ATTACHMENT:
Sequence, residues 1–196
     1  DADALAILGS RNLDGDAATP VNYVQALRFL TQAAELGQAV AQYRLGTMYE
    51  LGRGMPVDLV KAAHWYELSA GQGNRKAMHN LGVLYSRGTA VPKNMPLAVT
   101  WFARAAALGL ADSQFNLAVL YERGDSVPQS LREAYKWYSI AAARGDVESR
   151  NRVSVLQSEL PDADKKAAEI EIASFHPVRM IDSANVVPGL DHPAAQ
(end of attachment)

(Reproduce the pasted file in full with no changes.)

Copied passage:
Sequence, residues 1–196
     1  DADALAILGS RNLDGDAATP VNYVQALRFL TQAAELGQAV AQYRLGTMYE
    51  LGRGMPVDLV KAAHWYELSA GQGNRKAMHN LGVLYSRGTA VPKNMPLAVT
   101  WFARAAALGL ADSQFNLAVL YERGDSVPQS LREAYKWYSI AAARGDVESR
   151  NRVSVLQSEL PDADKKAAEI EIASFHPVRM IDSANVVPGL DHPAAQ